Indian Popular Commercial Fiction has spawned successful genres and formulas. In addition to the popular habitat occupied largely by Detective and Science fiction, today, Mythological Series, Chick Lit, Campus Novels and Fantasy Fiction have invaded book shelves and must-read lists not just in the vernacular and regional spaces but also in Indian English. Erotic Fiction of course continues to remain a safe venture, be it in Tamil Nadu, Kerala or Maharashtra. Furthermore, the emergence of social media and new web spaces such as blogs, Tumblr etc., along with self-publishing facilities, book reading mobile apps and gadgets, democratisation and globalisation of writership and readership is near complete.

The key question also arises, what is the gratifying impulse behind this commercial success? Why is the Indian youth, the middle classes and even the alleged elite in academic circles fascinated with this so-called sub/low/cheap/para literature? Todorov while writing on whodunit mysteries said that the fact that popular literature is being referred to as some kind of literature is of course, a way of giving it the currency denied to it. So, in the last few decades, literary criticism has trained its lens on this cultural production with serious theoretical rigour and systematic textual and contextual engagement to examine the osmotic divides, expressive imperatives, urban phenomenon and libidinous urges enshrined in it. This conference seeks to open the debate surrounding the potent, fertile and pulsating site visited by many: Indian Popular Fiction. Drawing on both the key aspects: literary and the commercial, the Conference attempts to explore the legitimacy, literariness and popularity of this terrain. There is no denying that a systematic critical engagement needs to be carried forward: both synchronically and diachronically, replicating and innovating the parameters/tools used to critique serious and meaningful literature. This is not just about giving the devil its due but perhaps acknowledging the vitality and tenacity of a huge terrain in the literary domain that academia can no longer ignore.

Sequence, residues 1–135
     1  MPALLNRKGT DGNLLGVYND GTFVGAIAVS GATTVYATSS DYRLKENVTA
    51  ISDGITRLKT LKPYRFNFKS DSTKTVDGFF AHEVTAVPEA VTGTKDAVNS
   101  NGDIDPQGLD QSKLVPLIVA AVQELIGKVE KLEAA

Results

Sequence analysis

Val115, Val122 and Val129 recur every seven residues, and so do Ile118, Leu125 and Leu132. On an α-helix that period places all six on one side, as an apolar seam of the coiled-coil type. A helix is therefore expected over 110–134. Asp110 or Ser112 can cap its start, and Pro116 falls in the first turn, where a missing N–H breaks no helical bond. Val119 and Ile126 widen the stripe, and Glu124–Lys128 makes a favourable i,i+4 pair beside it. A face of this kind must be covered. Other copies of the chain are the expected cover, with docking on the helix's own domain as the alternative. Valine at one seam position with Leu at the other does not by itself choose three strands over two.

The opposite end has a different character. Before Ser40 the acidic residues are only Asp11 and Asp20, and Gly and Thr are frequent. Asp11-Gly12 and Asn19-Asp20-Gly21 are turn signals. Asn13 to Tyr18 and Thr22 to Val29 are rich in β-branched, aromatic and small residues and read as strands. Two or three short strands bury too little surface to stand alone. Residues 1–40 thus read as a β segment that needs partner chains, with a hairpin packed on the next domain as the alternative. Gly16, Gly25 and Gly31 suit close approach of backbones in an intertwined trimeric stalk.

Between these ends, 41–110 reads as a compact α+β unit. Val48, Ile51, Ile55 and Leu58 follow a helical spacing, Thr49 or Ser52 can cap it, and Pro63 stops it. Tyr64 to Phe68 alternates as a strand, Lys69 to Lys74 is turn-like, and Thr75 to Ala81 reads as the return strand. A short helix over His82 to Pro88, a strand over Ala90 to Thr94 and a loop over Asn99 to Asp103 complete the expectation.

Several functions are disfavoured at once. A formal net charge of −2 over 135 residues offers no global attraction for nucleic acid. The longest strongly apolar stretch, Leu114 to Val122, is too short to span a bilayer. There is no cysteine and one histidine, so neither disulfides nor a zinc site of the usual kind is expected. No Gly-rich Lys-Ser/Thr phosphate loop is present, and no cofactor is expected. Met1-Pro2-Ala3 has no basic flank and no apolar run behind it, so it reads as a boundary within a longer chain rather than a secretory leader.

The conference will focus on all aspects of Indian Popular Fiction: The forms, authorship, reader base, and the publishing industry which govern most of what is written in postmodern times as well as the alternative routes offered by technology. We welcome critical perspectives, on the above theme or on one of the following tracks which are in no particular order:

1. Literary Popular and Commercially Popular
2. Historicising Popular Fiction in the Indian sub-continent
3. Who is writing for whom: The key connections between authorship and readership
4. The local and the glocal
5. Publishers as key voices
6. Giving the Devil its Due
7. The ‘Indian’ in Popular Commercial Fiction
8. Moving Beyond: Social Media and the Web space
9. Voices that Matter: Regional Languages and Spaces
10. Genres and Formulas
a. Mythological Fiction
b. History and Pulp
c. Detective Fiction
d. Science Fiction
e. The Fantasy Novel
f. Thrillers and Suspense
g. Chick Lit
h. Romance
i. Erotic Fiction
j. Graphic Novel
k. Serialised Magazine Fiction
l. Campus Novels
m. Web Fiction

Details of Abstract submission

Please email a 300-word abstract with the requisite information (paper title, name, designation, affiliation, contact information: Address, email ID & phone number along with a 75-word bio-note to latest by December 15, 2018. Early submissions are welcome.
The subject line of your email should read “Abstract IPF 2019: (YOUR NAME)”